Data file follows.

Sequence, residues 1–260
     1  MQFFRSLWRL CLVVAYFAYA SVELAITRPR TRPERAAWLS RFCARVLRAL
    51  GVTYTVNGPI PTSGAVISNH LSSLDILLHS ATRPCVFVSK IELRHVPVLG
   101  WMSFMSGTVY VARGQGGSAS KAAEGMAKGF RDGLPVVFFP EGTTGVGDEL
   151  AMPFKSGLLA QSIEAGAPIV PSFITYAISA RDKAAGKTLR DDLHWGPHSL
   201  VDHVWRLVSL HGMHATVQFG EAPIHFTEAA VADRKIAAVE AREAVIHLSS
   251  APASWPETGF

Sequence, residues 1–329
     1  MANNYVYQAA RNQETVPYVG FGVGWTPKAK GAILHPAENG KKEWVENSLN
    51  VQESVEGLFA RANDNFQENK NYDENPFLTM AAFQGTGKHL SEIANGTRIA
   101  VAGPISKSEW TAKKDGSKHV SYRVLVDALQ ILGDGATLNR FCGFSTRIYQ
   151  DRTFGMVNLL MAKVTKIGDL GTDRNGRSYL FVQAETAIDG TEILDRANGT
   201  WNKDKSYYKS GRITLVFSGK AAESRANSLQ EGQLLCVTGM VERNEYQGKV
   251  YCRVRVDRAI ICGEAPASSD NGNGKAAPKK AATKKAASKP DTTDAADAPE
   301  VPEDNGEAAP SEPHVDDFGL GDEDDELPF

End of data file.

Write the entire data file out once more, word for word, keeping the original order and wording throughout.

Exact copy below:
Sequence, residues 1–260
     1  MQFFRSLWRL CLVVAYFAYA SVELAITRPR TRPERAAWLS RFCARVLRAL
    51  GVTYTVNGPI PTSGAVISNH LSSLDILLHS ATRPCVFVSK IELRHVPVLG
   101  WMSFMSGTVY VARGQGGSAS KAAEGMAKGF RDGLPVVFFP EGTTGVGDEL
   151  AMPFKSGLLA QSIEAGAPIV PSFITYAISA RDKAAGKTLR DDLHWGPHSL
   201  VDHVWRLVSL HGMHATVQFG EAPIHFTEAA VADRKIAAVE AREAVIHLSS
   251  APASWPETGF

Sequence, residues 1–329
     1  MANNYVYQAA RNQETVPYVG FGVGWTPKAK GAILHPAENG KKEWVENSLN
    51  VQESVEGLFA RANDNFQENK NYDENPFLTM AAFQGTGKHL SEIANGTRIA
   101  VAGPISKSEW TAKKDGSKHV SYRVLVDALQ ILGDGATLNR FCGFSTRIYQ
   151  DRTFGMVNLL MAKVTKIGDL GTDRNGRSYL FVQAETAIDG TEILDRANGT
   201  WNKDKSYYKS GRITLVFSGK AAESRANSLQ EGQLLCVTGM VERNEYQGKV
   251  YCRVRVDRAI ICGEAPASSD NGNGKAAPKK AATKKAASKP DTTDAADAPE
   301  VPEDNGEAAP SEPHVDDFGL GDEDDELPF